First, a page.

How to Treat White Water Mold in Swimming Pools
Does your pool look like it was filled with shredded tissue paper? Then your pool has "white water mold". Despite the name, this is actually a type of algae that is closely related to mustard algae. In this article we show you how to get rid of it fast so you can go back to swimming.

What You’ll Need

Swamp Treat™

One bottle per 20,000 gallons

Brush

Regular nylon pool brush

Shock

Approximately 2 pounds/gallons per 10,000 gallons of pool water of your preferred pool shock.

At a Glance

steps

min. work

days results

4 Steps to treat White Water Mold

Step 1: Add Swamp Treat

Add one (1) bottle of Swamp Treat™ per 20,000 gallons of pool water. 

TIP: Round up

Round your pool up to the nearest 5,000 gallons for dosing.

Step 2: Brush

Brush the walls of the pool. One good brush over the wall should be fine.

Step 3: Shock

Add approximately 2 pounds/gallons of shock per 10,000 gallons – cascading it around the pool.

Step 4: Filter

Set your system back to filter, and turn the pump on. Allow to filter for 24 hours

TIP: Check Filter Pressue

Check the filter pressure every few hours and backwash as necessary. Your filter may clog quickly depending on how much white mold you have.

White Water Mold Do's

  • Add the specified amount of Swamp Treat™ for your pool’s volume.
  • Round pool volume up to the nearest 5,000 gallons.
  • Keep your filter running continuously to help get rid of the algae.
  • Back wash your filter when the filter pressure rises above 10 psi than normal.

White Water Mold Don'ts

  • Don’t add more Swamp Treat™ than needed for your pool’s rounded volume. Swamp Treat™ works in ratio to your shock.
  • Don’t forget to add shock when using Swamp Treat™. Swamp Treat™ needs shock to work.
  • Don’t pour shock directly on colored surfaces. This can discolor your surface.

 

White Water Mold Prevention Tips

TIP 1: Run your filter longer in the summer

In the summer months run your filter a little longer than you normally would in winter months.

TIP 2: Add more sanitizer in warmer weather

As the weather gets warmer, consider adding more sanitizer – either by adding extra chlorine tabs or turning up your chlorinator.

TIP 3: Adjust your return jets

Adjust your pool return jets to maximize water movement and reduce “dead spots” where algae is most likely to grow.

TIP 4: Use a Preventative

Consider using a preventative algicide such as No Mor Problems® with your sanitizer to keep algae from returning.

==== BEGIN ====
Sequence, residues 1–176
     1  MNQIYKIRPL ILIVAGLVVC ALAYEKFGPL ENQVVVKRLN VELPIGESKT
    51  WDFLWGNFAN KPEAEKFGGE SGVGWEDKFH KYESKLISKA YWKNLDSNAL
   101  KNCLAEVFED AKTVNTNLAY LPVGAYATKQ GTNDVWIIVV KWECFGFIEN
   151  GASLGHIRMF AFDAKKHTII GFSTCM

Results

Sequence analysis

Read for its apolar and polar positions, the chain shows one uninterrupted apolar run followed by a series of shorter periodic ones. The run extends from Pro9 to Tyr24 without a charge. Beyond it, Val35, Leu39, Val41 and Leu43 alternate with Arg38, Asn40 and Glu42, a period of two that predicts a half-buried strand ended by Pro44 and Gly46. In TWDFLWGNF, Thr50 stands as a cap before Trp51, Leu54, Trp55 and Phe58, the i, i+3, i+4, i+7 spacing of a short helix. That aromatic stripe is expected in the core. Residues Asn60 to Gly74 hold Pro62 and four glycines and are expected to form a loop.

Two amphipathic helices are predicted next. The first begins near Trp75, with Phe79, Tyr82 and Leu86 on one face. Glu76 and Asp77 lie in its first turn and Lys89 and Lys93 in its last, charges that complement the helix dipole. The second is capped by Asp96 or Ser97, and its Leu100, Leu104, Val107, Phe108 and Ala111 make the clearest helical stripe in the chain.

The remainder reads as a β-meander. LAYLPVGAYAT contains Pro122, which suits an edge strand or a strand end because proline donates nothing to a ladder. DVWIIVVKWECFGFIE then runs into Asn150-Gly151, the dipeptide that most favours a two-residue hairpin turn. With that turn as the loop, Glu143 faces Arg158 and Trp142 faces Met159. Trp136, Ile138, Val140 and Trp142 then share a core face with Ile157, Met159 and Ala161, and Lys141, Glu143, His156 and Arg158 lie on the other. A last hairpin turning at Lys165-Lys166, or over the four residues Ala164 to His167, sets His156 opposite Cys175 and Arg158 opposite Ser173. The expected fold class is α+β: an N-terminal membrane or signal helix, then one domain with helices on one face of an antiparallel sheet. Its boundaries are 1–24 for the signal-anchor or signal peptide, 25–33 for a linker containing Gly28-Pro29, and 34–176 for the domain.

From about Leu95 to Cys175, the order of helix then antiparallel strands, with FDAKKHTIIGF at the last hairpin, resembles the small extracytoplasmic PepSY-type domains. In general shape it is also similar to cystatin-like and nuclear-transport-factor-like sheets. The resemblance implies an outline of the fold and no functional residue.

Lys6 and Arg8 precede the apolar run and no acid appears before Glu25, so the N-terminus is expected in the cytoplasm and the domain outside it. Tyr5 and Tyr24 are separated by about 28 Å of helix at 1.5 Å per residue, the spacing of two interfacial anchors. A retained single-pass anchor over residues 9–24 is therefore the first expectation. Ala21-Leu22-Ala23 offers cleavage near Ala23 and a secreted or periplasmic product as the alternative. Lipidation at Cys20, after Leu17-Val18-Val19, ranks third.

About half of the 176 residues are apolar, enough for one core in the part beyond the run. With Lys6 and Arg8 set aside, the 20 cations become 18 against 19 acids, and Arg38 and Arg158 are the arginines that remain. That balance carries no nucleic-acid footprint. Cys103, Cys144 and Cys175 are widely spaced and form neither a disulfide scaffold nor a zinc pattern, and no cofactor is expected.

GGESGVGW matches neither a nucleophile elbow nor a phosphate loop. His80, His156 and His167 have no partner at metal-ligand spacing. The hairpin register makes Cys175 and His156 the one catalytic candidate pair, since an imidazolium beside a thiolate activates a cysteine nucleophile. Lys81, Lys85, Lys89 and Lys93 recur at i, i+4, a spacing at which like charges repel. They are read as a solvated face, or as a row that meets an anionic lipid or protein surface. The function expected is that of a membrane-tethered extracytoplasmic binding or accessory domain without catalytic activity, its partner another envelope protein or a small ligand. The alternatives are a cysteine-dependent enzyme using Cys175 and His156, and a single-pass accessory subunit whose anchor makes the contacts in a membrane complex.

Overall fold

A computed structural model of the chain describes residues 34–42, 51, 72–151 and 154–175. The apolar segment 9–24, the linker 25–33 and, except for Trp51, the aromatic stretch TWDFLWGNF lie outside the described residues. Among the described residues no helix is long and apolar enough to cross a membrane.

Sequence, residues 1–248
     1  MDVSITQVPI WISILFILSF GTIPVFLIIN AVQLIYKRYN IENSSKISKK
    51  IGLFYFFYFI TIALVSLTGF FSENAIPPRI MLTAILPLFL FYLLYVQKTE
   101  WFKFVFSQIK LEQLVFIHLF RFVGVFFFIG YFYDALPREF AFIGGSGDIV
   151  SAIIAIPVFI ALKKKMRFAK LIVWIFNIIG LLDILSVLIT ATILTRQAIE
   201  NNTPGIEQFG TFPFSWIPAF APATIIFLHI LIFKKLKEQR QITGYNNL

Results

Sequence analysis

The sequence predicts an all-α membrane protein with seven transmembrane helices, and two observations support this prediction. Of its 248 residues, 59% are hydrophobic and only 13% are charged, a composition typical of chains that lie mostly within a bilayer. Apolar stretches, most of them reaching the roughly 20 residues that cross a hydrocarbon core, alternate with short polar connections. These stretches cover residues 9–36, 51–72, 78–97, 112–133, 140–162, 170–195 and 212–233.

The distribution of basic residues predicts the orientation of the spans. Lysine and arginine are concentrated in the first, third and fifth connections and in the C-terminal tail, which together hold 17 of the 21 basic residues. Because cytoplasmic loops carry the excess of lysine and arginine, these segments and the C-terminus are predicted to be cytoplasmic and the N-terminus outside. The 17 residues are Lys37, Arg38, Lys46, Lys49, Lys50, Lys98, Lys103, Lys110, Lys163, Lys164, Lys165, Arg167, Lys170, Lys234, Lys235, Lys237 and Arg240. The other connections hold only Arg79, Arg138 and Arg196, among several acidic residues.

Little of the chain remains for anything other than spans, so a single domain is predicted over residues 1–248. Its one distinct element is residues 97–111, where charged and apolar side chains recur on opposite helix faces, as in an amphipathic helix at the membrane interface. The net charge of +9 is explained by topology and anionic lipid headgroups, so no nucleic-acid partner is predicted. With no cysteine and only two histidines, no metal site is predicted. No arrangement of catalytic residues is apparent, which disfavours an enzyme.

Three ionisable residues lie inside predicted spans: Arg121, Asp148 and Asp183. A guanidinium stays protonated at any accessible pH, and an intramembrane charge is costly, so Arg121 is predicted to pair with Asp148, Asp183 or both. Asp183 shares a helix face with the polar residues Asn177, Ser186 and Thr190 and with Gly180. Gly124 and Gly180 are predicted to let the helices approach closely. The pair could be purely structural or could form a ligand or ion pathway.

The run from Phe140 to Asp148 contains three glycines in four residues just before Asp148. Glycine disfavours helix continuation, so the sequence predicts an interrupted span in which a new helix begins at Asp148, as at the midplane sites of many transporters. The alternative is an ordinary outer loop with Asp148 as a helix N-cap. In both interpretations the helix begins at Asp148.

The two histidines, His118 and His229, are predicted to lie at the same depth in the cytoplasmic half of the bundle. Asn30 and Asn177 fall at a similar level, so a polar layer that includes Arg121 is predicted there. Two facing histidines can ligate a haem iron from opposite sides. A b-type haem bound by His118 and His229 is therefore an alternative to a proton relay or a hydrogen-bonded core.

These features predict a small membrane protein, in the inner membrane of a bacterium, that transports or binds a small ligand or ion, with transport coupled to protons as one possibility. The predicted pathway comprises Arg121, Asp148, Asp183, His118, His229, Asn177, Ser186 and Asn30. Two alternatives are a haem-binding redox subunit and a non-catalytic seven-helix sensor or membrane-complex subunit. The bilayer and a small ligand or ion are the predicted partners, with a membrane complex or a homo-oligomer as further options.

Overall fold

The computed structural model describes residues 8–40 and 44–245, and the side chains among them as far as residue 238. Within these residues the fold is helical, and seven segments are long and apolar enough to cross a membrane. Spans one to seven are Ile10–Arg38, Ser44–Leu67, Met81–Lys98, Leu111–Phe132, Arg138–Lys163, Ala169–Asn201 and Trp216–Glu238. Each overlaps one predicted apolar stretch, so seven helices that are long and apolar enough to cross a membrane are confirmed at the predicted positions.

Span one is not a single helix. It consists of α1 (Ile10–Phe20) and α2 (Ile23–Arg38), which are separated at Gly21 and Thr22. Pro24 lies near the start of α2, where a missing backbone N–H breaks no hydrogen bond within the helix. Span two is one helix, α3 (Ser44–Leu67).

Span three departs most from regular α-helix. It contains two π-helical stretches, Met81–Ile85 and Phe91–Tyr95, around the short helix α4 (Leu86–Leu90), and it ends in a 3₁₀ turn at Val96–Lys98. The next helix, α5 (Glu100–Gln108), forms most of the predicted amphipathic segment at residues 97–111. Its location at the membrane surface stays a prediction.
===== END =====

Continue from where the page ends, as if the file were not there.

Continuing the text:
Read More

How to Treat White Water Mold in Swimming Pools

Does your pool look like it was filled with shredded tissue paper? Then your pool has “white water mold”. Despite the name, this is actually a type of algae that is closely related to mustard algae. In this article we show you how to get rid of it fast so you can go back to swimming.

How to Kill Pink Algae in your swimming pool

Although uncommon, pink algae in your pool can create a real headache. This type of bacteria can grow quickly and hide in hard to reach areas. Not to mention that it can infect open sores and wounds. Here we’ll show you how to get rid of pink pool slime fast and keep it from coming back.

How to Get Rid of Black Algae in your Swimming Pool

Black algae is a type of bacteria that can be really tough to kill and control in your pool. Here we show you had to kill black algae fast and how to prevent it from coming back.

How to Clean a Green Swimming Pool Fast

Every once and while, your pool will get away from you and turn into a total swamp filled with green algae. Maybe you had a bad storm. Maybe you went on vacation. No matter how it happened, we’ll show you how you can have your pool looking back to new in no time.

How to Get Rid of Mustard Algae in Swimming Pools

From Florida to California and everthing in between; Mustard Algae is the most common form of swimming pool algae. Odds are if you’ve owned a swimming pool, you’ve ran into this yellowish sandy looking algae growing in the shady areas of your pool. Here we give you step by step directions on how to get rid of mustard algae.

0 Comments